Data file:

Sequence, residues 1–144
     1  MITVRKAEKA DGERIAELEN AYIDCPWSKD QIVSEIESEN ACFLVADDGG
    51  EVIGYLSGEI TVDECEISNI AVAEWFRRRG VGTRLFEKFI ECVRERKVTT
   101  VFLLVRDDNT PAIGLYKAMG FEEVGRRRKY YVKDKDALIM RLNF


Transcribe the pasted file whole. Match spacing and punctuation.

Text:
Sequence, residues 1–144
     1  MITVRKAEKA DGERIAELEN AYIDCPWSKD QIVSEIESEN ACFLVADDGG
    51  EVIGYLSGEI TVDECEISNI AVAEWFRRRG VGTRLFEKFI ECVRERKVTT
   101  VFLLVRDDNT PAIGLYKAMG FEEVGRRRKY YVKDKDALIM RLNF